Session Type: ACR Poster Session C
Session Time: 9:00AM-11:00AM
Background/Purpose: In previous studies in primary Sjögren’s syndrome (pSS), the prevalence of pulmonary involvement varied greatly depending on differences in inclusion criteria, imaging modalities and definitions of pulmonary involvement. The EULAR Sjögren’s Syndrome Disease Activity Index (ESSDAI) has been developed for standardizing definitions of the main organ involvements. Our aim was to evaluate the prevalence and types of pulmonary involvement in pSS patients and to classify the manifestations using the respiratory domain of the ESSDAI.
Methods: This retrospective cohort study included all consecutive pSS patients, fulfilling the AECG and/or ACR classification criteria, who visited the department of Rheumatology and Clinical Immunology of the UMCG in 2015. Data were obtained from electronic patient records of the first visit in 2015. Pulmonary complaints were defined as persistent cough, dyspnoea during exercise, dyspnoea in rest and recurrent lower respiratory infections. Pulmonary additional tests included conventional chest radiography, (high-resolution; HR) CT and pulmonary function test (PFT). Pulmonary involvement was defined as the presence of conditions 1) for which therapy is needed and/or follow-up is recommended and 2) with (possible) relation with pSS instead of coincidental factors. The respiratory domain of the ESSDAI was determined for all these patients at time of visit. In some cases, the difference between pulmonary manifestations caused by pSS or coincidental factors remained unclear, resulting in a range of assumed to possible pulmonary involvement in pSS.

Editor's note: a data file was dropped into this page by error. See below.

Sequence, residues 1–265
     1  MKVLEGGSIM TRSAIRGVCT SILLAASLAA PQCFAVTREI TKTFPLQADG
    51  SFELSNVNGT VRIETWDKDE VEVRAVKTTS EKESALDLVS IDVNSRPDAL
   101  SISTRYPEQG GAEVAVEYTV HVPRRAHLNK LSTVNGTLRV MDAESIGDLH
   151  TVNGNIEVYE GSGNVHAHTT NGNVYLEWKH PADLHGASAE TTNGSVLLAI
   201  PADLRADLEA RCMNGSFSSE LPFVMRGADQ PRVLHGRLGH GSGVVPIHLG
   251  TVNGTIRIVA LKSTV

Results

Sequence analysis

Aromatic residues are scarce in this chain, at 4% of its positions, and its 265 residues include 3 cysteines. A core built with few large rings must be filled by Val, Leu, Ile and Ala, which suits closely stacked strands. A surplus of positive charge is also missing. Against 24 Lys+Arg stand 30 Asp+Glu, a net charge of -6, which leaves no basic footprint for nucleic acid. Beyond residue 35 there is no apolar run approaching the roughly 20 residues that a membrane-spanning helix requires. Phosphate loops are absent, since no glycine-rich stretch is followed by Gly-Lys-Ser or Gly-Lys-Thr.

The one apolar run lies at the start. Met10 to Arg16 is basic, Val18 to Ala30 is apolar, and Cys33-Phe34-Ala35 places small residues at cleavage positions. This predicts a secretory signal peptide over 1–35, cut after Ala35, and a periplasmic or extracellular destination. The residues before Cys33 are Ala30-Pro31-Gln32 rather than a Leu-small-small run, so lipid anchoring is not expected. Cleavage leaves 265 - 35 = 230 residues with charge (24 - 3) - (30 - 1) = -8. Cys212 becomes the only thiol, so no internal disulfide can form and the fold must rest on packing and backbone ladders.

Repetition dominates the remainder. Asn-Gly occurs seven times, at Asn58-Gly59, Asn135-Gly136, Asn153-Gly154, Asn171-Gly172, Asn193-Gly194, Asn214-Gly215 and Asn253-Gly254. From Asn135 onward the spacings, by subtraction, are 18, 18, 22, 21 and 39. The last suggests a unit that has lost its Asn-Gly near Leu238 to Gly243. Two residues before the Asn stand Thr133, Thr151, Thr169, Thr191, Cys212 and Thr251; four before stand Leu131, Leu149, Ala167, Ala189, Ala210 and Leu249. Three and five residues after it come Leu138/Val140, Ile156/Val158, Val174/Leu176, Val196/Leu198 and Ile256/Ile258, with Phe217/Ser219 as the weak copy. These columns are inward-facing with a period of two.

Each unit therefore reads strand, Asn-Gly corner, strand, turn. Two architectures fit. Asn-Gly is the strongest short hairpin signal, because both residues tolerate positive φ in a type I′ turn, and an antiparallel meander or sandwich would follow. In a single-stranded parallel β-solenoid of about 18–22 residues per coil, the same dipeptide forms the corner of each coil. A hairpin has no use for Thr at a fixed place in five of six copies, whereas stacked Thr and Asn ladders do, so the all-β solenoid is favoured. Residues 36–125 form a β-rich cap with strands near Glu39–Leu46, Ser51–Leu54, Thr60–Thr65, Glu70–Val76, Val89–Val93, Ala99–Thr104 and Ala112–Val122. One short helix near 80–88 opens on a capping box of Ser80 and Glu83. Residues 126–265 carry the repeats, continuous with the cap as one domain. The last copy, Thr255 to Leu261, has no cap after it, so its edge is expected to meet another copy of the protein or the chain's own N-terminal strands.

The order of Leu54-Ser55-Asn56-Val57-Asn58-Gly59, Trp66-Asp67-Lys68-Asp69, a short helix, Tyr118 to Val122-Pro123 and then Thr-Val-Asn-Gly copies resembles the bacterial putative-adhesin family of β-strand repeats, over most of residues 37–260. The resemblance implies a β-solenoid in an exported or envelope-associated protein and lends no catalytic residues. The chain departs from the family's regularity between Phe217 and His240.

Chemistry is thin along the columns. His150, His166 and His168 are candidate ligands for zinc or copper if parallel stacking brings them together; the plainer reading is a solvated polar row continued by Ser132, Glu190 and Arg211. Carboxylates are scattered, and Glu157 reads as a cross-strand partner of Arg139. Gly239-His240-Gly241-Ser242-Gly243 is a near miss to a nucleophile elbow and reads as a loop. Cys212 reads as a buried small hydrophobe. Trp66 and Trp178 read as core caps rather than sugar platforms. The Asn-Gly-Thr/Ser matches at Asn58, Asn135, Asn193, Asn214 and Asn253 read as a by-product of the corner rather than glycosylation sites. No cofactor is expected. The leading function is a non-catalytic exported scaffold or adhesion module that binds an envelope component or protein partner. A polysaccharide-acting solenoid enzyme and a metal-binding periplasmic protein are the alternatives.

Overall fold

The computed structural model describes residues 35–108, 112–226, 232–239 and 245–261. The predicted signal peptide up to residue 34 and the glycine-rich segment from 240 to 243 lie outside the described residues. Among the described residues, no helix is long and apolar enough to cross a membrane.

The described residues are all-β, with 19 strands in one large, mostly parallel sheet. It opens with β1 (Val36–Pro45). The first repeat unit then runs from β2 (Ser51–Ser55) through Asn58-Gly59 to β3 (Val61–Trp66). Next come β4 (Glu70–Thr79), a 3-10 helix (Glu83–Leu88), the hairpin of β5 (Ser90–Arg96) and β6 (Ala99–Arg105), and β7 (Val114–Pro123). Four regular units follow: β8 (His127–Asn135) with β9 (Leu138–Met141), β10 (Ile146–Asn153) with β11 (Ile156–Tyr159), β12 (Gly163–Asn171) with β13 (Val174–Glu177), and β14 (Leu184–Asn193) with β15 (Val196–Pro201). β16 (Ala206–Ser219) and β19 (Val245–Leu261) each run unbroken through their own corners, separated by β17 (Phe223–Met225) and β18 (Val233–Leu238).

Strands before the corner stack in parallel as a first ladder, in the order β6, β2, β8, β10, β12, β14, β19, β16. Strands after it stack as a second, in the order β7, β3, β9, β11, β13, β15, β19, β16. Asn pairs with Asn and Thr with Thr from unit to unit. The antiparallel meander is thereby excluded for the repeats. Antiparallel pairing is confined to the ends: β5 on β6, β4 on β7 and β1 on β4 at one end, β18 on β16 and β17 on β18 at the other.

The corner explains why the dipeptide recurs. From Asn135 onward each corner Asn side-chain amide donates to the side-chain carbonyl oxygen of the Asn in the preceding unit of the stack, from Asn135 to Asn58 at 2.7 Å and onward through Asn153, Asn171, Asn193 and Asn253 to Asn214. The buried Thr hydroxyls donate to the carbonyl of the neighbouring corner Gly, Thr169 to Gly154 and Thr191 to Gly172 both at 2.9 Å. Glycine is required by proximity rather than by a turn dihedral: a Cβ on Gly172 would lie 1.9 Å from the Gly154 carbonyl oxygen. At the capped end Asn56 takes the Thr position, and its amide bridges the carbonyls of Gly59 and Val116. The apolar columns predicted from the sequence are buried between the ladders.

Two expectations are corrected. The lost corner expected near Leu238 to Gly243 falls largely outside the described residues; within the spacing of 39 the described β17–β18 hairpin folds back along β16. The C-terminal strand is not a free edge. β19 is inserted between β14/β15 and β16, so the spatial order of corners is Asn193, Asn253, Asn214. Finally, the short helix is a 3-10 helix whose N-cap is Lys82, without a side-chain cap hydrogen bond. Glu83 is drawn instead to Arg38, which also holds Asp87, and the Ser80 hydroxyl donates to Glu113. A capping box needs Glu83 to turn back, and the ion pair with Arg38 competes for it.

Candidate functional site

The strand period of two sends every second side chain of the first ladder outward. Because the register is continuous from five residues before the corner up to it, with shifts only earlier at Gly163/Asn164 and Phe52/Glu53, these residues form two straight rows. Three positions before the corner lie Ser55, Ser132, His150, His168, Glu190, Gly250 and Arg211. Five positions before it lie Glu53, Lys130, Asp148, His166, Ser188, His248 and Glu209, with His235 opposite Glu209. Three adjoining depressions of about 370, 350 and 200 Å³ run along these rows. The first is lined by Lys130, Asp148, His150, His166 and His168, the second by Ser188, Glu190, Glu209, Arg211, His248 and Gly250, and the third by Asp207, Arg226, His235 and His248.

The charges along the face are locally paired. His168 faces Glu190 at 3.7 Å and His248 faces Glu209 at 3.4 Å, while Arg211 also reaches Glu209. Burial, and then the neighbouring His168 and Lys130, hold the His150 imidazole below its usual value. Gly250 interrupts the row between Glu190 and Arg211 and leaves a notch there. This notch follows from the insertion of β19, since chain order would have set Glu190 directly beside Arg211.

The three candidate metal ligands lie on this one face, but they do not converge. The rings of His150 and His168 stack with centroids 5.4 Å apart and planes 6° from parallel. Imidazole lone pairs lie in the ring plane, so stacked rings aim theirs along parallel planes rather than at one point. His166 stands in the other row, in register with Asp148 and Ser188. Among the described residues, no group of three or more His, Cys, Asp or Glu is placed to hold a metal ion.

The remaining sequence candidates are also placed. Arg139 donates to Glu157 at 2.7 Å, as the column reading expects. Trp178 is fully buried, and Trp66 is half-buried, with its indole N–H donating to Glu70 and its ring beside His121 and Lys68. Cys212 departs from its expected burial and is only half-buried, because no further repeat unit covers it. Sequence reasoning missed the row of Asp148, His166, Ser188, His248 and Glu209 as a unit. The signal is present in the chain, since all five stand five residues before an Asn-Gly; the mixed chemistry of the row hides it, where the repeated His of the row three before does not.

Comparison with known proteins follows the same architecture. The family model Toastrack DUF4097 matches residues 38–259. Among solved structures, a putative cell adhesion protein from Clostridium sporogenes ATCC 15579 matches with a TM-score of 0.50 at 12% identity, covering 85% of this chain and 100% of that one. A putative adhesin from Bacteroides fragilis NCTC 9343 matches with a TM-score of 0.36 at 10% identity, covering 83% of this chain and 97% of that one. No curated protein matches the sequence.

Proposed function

Results: Of the 262 included pSS patients, 93% were female and mean age was 56 ± 15 years. Pulmonary complaints were present in 88 (34%) patients; 70 (27%) patients with cough, 42 (16%) with dyspnoea during exercise, 17 (7%) with recurrent lower respiratory infections and no patients with dyspnoea in rest. Additional pulmonary diagnostics was performed in 225 (86%) patients; chest radiography in 203 (78%) patients, PFT in 147 (56%) patients and (HR)CT in 87 (33%) patients. Pulmonary involvement was present in 25-39 (10-15%) pSS patients. Overall, most common was interstitial lung disease (ILD), which was present in 15 patients; especially non-specific interstitial pneumonia (NSIP), followed by lymphocytic interstitial pneumonia (LIP) and organising pneumonia (OP). Isolated bronchiectasis and/or bronchopathy was present in 11 patients, pleuritis in 4 patients, pulmonary hypertension in 2 patients and 2 patients had a mucosa-associated lymphoid tissue (MALT) lymphoma in the lung. In total, 16 (6%) patients had a positive ESSDAI for the respiratory domain; 4 patients with low, 11 with moderate and one patient with high activity. Pulmonary involvement in pSS was not scored in the ESSDAI for patients with long lasting features (>1 year) which are assumed to be not active (n=14), MALT lymphoma which was rated in another domain (lymphadenopathy and lymphoma; n=2), or when (HR)CT and/or PFT was not recently performed (n=7).
Conclusion: In this cross-sectional study in daily clinical practice, pulmonary involvement was present in 10-15% of pSS patients. Of all pSS patients, 6% were scored as active on the respiratory domain of the ESSDAI.
To cite this abstract in AMA style:Heus A, Arends S, van Nimwegen JF, Stel AJ, Nossent GD, Bootsma H. Pulmonary Involvement, As Part of the Essdai, in Primary Sjogren’s Syndrome [abstract]. Arthritis Rheumatol. 2016; 68 (suppl 10). https://acrabstracts.org/abstract/pulmonary-involvement-as-part-of-the-essdai-in-primary-sjogrens-syndrome/. Accessed September 20, 2020.
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